A qualitative study of mentoring and career progression among junior medical doctors

Rosaline O. Garr1 and Philip Dewe2

1Department of Paediatrics, St Helens & Knowsley Teaching Hospitals, Merseyside, UK

2Department of Organisational Psychology, Birkbeck University of London, UK

Submitted: 04/06/2013; Accepted: 23/11/2013; Published: 15/12/2013

Int J Med Educ. 2013; 4:247-252; doi: 10.5116/ijme.5290.ba70

© 2013 Rosaline O. Garr & Philip Dewe. This is an Open Access article distributed under the terms of the Creative Commons Attribution License which permits unrestricted use of work provided the original work is properly cited. http://creativecommons.org/licenses/by/3.0

Objectives: To explore the perceptions of mentees of the role mentoring plays in developing a medical career and seeming advantages and disadvantages.

Methods: In this qualitative study, 21 mentored and non-mentored doctors in postgraduate specialty years one to eight were recruited from the Mersey deanery in England. Semi-structured interviews were used to assess perceptions of the mentored postgraduate trainees (mentees) and views of the non-mentored trainees. The interview transcripts were thematised using thematic analysis methods.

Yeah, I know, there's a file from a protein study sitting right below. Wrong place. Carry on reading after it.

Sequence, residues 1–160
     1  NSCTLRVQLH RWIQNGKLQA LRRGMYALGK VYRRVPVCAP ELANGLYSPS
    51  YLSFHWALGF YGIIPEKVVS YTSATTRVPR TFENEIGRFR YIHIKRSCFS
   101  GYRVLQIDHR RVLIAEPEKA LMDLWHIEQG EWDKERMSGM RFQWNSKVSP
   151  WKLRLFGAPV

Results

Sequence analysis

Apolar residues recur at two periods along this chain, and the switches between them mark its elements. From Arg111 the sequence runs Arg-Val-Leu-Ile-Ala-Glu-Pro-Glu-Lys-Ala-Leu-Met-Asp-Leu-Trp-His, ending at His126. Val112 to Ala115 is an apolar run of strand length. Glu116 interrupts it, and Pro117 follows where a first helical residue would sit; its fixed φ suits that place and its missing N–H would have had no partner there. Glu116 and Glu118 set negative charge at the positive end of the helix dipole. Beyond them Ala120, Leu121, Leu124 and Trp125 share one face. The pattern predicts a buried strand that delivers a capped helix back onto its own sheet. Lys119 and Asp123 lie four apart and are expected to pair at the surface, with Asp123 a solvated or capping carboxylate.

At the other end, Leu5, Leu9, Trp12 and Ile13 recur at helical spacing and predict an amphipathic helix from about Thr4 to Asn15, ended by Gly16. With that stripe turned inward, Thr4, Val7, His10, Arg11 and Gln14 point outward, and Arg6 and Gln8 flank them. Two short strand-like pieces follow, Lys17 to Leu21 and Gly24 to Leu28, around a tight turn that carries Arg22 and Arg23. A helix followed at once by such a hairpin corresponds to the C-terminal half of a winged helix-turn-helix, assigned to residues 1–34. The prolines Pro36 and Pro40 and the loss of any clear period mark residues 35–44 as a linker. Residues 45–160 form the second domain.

Results: Themes of how mentoring was understood by trainees were; a supportive relationship by someone senior providing advice and guidance and informal adviser relating to training and personal issues. Advantages included, someone who was approachable, trustworthy and empathetic who gave a wider and different perspective. Difficulty with mentoring occurred when confidentiality was broken as this potentially affected work/colleagues relationship. Lack of knowledge of what mentoring was, and obtaining a mentor were barriers. Facilitators included having identified peer mentoring facilitators, networking and ability to choose a mentor.

Conclusions: This study showed that mentoring was valued by postgraduate doctors in training, those who were mentored found mentoring to be important to their personal and professional development. Training for the mentor and mentee would help to manage expectations and ensure effective mentoring. Allocating a mentor to all trainees may normalise the concept of mentoring. A mentor should not be an assessor to their mentee as it raises issues of conflict of interest.